Health Benefits of Saffron

Saffron is far more than just a spice.

Saffron has a long history and was already an important remedy in antiquity around 1600 BC in the Minoan culture; saffron was also used by the ancient Egyptians for the treatment of diseases. The Greek physician Hippocrates described the positive effects of saffron around 400 BC. Around 250 BC, saffron reached India and China via the Silk Road, where it is mentioned as a medicinal plant alongside ginseng, aconite and other important medicinal plants.

Doumas 1992:158-159, Fig. 122

Image © Ashmolean Museum, University of Oxford

A medical panacea ?

Saffron's health benefits have a wide range of potential uses, from sedative, anti-inflammatory, sexual stimulant, anti-depressant, and much more. Many researchers are convinced that the valuable ingredients of saffron threads can be used against many ailments of modern society.

“In the coming years, saffron is expected to play an increasingly important role in the treatment of various diseases and ailments of old age.”
May support memory function

One benefit of saffron that has been explored in multiple scientific studies is its ability to support cognitive function. Crocetin, crocin and safranal, three antioxidants found in saffron, may help improve memory and learning ability. These substances may also help prevent neurological conditions like Parkinson’s disease.

May help to regulate mood

Saffron is lovingly referred to as the ‘sunshine spice’ for more than just its golden hue. It has also been found to support your mood, as one particular review of five clinical studies concluded that saffron was much more effective than the placebo. Interestingly, although saffron stigma was most effective, saffron petals were also highlighted as being more effective than the placebo. Saffron was used for mood as far back as the Minoan period!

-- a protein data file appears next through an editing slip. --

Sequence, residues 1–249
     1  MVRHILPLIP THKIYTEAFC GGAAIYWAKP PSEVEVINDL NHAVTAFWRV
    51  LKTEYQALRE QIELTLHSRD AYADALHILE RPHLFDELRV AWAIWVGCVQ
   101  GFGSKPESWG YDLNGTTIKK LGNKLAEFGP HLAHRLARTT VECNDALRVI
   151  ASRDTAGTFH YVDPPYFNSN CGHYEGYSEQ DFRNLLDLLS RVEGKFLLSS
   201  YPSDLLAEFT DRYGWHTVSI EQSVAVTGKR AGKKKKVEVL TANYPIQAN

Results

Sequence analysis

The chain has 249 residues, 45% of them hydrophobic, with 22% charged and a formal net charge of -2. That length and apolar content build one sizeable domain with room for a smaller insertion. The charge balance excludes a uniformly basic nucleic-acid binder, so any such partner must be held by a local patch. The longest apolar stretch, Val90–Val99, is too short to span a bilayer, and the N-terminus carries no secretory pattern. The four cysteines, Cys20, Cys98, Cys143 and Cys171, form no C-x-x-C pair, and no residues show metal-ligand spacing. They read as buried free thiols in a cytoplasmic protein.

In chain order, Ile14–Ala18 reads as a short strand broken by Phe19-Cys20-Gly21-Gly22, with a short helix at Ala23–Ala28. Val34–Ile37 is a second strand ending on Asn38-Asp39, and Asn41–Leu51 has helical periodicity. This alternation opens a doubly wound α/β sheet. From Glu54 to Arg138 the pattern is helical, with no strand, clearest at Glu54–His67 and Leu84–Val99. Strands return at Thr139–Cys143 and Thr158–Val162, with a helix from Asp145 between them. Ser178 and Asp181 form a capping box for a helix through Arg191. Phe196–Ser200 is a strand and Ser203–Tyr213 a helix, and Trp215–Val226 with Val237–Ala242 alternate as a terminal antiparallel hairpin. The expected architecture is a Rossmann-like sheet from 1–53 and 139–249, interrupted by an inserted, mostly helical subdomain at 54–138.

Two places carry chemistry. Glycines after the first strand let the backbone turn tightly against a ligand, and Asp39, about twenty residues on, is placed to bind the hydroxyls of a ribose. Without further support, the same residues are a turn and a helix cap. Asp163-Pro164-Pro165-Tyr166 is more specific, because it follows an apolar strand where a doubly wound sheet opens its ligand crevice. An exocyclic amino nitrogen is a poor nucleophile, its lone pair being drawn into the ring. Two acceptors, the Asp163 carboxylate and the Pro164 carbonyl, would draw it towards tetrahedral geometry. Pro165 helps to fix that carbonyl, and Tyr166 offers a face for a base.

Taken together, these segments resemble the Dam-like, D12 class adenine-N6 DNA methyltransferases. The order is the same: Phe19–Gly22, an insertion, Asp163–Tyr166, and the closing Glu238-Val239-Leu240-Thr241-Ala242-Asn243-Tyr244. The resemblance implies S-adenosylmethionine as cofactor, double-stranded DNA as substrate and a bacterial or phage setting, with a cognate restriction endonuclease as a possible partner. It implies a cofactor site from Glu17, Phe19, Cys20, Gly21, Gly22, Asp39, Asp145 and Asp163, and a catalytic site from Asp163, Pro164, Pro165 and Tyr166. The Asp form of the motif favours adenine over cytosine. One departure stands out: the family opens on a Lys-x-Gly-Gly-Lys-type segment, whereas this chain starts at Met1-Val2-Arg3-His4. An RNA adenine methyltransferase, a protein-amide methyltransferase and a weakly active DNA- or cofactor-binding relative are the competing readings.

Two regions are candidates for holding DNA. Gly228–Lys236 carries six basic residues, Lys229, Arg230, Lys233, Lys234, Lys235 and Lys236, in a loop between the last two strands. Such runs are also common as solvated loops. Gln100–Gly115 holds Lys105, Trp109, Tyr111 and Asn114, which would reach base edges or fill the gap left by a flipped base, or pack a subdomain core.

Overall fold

It’s good for your skin

As well as having internal benefits for your health, saffron may also be able to support your skin health too. Equally, a more recent study found that the combination of saffron extract and avocado oil in a face cream assisted with facial skin rejuvenation.

Premenstrual syndrome (PMS) can cause a variety of symptoms, from abdominal pain to acne breakouts. For many women, PMS also affects mental health, causing anxiety, depression and mood swings. Some research studies have found that saffron can alleviate PMS-related depression.

Antioxidant boost

Saffron is rich in antioxidants. These substances help fight cell damage and may prevent cancer. Research also shown that the antioxidants in saffron may be healthy for your brain and nervous system.

“Saffron is an aromatic addition to your dishes. One of the best ways to use it is to put the threads in hot water and let it steep for at least 15-30 minutes. – Be careful not to use boiling water though! Alternatively, the saffron can be steeped in warm milk or warmed wine. Do not use oily liquids – the saffron will not dissolve.”

Weight loss aid

Losing weight can be hard, especially when your appetite seems to be working against you. One study on a group of women found that taking saffron regularly helped them feel less hungry and snack less frequently. But it doesn’t work alone. Combine saffron with a healthy, balanced diet for success.

Erectile dysfunction (ED), the inability to maintain an erection, affects millions of people. According to some research, saffron could be a treatment for ED. Medical professionals often recommend ED medications that work for many people. But those looking for an herbal remedy could try saffron. Studies have shown that 30 milligrams a day is effective, but you shouldn't exceed that amount. High amounts of saffron can be toxic.

In the medical and pharmacological research of recent years, several studies have proven the antidepressant effect of saffron. Responsible for this is the crocin in saffron, which can act as an antidepressant in light or medium doses. The intake of 20-30 threads per day over a period of several months is a condition.

Better sleep with saffron

Sleep deprivation or problems falling asleep are now considered a global public health pandemic but are often not recognized and their negative effects are often greatly underestimated. Recent studies give strong support to saffron's abilities as a sleep aid.